“Getting the hint” may be difficult for anyone to understand let alone someone on the autism spectrum.

Ghosting is something I had to learn the hard way. Ghosting is when someone you’ve been dating (whether in a relationship or after several dates) ceases all communication. This is often done without warning and without any type of notice. Once the person does this they ignore all types of messages. While relationships and dating is where most of this is discussed, friendships can also suffer from ghosting from time to time.

While this may be a way to avoid confrontation, it also leaves the ghostee with many unanswered questions. For myself, as someone who has suffered from a few of these it leaves you without closure. Whenever I hear of a mentee who is suffering from ghosting they over try to over analyze the situation, leading to anxiety and depression.

When it comes to someone on the spectrum, they may not understand body language and the signs that another person may be giving you. Nonverbal communication was always one of my greatest weaknesses. One of the first times I was ever ghosted was in a time before social media was big. I thought while being ignored that something bad happened to that individual. I was in a different town and had no mutual friends so I was left in a tough predicament. Questions left unanswered led for an uncertainty that was in the pit of my stomach.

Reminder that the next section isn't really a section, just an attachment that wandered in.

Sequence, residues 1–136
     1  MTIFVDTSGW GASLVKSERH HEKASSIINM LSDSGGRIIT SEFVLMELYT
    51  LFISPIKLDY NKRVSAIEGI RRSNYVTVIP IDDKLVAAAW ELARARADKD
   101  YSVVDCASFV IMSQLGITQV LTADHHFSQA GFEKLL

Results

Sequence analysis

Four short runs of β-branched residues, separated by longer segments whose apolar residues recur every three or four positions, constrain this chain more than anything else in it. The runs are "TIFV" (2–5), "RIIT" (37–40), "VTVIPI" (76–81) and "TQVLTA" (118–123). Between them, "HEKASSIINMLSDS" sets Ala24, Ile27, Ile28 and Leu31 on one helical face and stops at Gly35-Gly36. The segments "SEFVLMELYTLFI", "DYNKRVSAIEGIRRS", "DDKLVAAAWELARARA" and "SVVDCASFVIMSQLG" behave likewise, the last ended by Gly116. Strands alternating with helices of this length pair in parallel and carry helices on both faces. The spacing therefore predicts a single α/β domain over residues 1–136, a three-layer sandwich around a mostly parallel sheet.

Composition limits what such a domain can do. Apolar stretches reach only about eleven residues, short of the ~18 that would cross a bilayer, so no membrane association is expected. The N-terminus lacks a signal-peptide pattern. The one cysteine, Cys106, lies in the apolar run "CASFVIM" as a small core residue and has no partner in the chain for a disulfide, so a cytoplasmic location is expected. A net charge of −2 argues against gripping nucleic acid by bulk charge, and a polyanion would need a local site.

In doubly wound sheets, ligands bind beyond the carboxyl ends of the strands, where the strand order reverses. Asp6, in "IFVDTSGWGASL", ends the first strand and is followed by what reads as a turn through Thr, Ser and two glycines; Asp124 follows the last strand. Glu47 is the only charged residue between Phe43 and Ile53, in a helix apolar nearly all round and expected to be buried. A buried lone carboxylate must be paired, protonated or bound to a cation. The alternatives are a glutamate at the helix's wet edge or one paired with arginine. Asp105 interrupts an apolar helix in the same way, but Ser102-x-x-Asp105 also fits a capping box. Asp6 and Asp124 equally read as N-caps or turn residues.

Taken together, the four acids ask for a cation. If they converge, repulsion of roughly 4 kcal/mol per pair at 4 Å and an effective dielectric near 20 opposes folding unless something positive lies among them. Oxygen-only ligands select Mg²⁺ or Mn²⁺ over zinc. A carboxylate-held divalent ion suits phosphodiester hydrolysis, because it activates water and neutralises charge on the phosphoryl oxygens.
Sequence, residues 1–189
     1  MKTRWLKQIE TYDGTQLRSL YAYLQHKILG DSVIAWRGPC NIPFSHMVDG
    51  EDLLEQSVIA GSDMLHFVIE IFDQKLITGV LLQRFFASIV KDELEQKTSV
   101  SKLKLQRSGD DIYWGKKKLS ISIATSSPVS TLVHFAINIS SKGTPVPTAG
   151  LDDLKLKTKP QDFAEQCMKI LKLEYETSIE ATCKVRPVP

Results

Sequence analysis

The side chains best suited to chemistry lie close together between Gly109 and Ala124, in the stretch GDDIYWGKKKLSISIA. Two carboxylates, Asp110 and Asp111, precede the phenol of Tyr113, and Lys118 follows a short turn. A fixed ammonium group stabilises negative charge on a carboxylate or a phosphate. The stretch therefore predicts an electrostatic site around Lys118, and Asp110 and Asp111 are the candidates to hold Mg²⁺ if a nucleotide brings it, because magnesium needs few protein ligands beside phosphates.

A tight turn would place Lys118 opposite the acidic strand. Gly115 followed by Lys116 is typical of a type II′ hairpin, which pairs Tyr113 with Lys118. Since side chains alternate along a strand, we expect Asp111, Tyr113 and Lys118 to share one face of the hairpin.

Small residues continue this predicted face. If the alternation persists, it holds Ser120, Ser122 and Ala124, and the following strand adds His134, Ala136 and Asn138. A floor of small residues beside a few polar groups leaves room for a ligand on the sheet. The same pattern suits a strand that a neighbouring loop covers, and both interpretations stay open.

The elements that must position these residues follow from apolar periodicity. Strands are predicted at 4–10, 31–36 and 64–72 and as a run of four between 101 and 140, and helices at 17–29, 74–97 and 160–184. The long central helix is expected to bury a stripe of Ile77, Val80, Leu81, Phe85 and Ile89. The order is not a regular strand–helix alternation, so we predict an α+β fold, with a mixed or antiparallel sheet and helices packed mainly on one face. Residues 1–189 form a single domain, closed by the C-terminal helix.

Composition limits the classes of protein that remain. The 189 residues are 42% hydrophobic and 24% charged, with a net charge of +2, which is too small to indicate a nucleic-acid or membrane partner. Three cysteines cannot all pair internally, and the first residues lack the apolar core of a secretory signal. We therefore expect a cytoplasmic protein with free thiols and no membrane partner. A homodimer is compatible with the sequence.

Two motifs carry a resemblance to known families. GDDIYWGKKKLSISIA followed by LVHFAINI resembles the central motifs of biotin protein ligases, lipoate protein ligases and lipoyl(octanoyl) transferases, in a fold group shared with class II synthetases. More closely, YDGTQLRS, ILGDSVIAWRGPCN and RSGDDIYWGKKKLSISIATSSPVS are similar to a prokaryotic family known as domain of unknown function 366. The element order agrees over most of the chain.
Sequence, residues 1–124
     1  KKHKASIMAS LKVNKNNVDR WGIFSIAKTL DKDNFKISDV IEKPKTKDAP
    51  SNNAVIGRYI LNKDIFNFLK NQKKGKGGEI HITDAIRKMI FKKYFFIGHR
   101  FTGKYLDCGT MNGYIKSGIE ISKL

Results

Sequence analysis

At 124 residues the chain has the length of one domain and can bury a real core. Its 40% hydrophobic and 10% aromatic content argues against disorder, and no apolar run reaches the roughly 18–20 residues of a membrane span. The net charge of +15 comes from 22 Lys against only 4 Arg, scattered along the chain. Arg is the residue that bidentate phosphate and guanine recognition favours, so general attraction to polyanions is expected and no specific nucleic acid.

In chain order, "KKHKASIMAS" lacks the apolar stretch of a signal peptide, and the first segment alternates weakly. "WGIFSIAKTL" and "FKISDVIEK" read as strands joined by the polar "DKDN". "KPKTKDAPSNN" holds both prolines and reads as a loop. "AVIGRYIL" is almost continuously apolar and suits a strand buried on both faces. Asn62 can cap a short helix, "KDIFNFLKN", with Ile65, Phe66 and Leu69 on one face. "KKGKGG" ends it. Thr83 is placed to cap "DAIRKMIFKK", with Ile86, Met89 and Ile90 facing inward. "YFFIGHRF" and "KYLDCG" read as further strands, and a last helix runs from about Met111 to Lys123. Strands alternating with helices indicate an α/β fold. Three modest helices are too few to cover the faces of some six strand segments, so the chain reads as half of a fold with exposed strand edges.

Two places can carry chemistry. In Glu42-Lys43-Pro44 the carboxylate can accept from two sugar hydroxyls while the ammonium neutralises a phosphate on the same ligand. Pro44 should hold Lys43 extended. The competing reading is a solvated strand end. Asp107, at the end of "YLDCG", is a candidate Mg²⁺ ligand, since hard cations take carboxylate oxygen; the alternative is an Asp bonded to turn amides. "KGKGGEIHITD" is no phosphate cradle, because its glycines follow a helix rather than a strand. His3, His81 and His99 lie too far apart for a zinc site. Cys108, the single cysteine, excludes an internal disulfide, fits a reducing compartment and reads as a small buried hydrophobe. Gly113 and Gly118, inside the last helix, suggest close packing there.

Conflict is at the core of this issue. I write this post today in the hopes of being open about a subject that affects more and more individuals on the spectrum everyday as they reach adulthood and are looking into dating. Open communication is the key when these situations arise. To be kind often means to reflect on the old saying of ‘honesty is the best policy’ and letting someone know when you don’t feel the same way about them that they feel about you.

You may not feel about it at first but when you truly think of the other individual it is often the best thing you can do.

Kerry Magro is an award-winning professional speaker and best-selling author who’s on the autism spectrum. Kerry regularly speaks at schools, businesses, parent groups, nonprofit organizations and other special events on topics ranging from but not limited too disability, innovation, school bullying, the power of communication, diversity, workplace bullying, servant leadership and much more! For his efforts, Kerry has been been featured in major media and worked with amazing brands including CBS NewsInside EditionUpworthy and Huffington Post among others. Know of a group that would like to have Kerry speak? Have them reach out to Kerry at Kerrymagro.com/contact!